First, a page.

# sinx + tanx > 2x

• Mar 6th 2008, 08:46 AM
weasley74
sinx + tanx > 2x - help!!
How do I show that sinx + tanx > 2x if 0 < x < pi/2 ?
• Mar 6th 2008, 09:26 AM
colby2152
Quote:

Originally Posted by weasley74
How do I show that sinx + tanx > 2x if 0 < x < pi/2 ?

You want to show 2x is the minimum boundary. Find the derivative of $sin(x)+tan(x)$ and set it equal to zero. Solve for x and find the minimum.
• Mar 6th 2008, 12:00 PM
weasley74
so I get cosx + 1/(cosx)^2 = 0 , and then I get (cosx)^3 + 1 = 0, putting cosx = t, I get t^3 + 1 = 0

and because what must be a minor stroke, i have no idea how to solve that simple equation.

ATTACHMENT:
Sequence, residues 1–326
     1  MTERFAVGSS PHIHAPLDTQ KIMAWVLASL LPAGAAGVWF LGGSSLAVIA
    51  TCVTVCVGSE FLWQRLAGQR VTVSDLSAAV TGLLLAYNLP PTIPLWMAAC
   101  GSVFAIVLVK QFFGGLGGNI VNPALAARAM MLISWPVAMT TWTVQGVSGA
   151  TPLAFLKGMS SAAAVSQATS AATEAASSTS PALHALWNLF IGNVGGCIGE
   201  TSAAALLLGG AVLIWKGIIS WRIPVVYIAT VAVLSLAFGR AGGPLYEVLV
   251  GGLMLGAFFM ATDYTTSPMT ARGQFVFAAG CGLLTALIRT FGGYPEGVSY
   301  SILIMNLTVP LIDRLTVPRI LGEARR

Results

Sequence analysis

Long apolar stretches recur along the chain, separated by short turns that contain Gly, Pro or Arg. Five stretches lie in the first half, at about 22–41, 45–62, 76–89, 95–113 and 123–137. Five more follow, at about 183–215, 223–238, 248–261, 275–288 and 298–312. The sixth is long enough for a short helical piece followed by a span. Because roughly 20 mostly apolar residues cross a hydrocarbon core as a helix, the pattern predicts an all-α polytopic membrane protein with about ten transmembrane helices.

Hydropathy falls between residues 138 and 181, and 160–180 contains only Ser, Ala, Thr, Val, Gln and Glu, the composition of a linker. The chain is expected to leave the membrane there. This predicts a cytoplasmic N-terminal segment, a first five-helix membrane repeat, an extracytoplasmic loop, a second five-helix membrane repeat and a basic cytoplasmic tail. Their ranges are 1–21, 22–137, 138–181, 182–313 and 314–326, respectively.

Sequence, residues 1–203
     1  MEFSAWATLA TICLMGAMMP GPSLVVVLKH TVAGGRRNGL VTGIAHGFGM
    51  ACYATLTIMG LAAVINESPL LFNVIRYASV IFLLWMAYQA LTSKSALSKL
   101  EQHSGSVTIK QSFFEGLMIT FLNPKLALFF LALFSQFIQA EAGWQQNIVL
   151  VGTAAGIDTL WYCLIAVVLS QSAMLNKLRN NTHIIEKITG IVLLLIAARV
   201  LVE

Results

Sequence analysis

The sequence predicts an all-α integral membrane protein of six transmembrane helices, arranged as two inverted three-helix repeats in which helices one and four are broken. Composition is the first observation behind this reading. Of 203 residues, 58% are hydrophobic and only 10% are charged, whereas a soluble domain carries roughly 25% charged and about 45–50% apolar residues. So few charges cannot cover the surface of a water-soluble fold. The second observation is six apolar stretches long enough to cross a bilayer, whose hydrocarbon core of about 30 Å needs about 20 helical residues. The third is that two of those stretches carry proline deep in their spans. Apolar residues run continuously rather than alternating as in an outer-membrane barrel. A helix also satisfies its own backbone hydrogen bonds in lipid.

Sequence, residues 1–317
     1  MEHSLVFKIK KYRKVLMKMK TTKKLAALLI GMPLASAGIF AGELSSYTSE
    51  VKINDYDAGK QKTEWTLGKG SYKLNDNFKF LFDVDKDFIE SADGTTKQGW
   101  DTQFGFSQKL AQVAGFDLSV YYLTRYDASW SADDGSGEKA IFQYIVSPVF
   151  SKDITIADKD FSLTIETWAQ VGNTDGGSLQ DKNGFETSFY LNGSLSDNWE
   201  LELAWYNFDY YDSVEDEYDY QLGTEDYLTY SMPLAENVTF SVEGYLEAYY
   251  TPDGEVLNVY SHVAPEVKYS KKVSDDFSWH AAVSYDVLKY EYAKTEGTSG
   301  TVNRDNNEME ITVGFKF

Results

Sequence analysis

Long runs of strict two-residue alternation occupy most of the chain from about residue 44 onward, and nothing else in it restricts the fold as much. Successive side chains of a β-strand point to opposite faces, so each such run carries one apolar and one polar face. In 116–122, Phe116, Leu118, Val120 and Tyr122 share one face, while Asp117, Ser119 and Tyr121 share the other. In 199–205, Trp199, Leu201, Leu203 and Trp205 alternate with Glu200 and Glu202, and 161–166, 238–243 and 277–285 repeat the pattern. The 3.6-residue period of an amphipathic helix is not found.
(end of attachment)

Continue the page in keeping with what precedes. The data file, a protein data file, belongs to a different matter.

• Mar 6th 2008, 01:28 PM
colby2152
Quote:

Originally Posted by weasley74
so I get cosx + 1/(cosx)^2 = 0 , and then I get (cosx)^3 + 1 = 0, putting cosx = t, I get t^3 + 1 = 0

and because what must be a minor stroke, i have no idea how to solve that simple equation.

Haha, $t=-1$
$x=\pi$

That is not in the range, so we are at a crossroads.
• Mar 6th 2008, 01:38 PM
weasley74
so we didn't really find anything out by doing that?
• Mar 6th 2008, 03:14 PM
iknowone
Both functions are non negative on the specified interval. The derivative of 2x is 2 while the derivative of sin(x) + tan(x) = cos(x)+1/cos(x)^2 which is clearly greater than or equal to 2. Since sin(x)+tan(x) = 2x at x=0 and sin(x)+tan(x) is increasing faster than 2x for every value of x (0,pi/2], sin(x)+tan(x) is greater than or equal to 2x.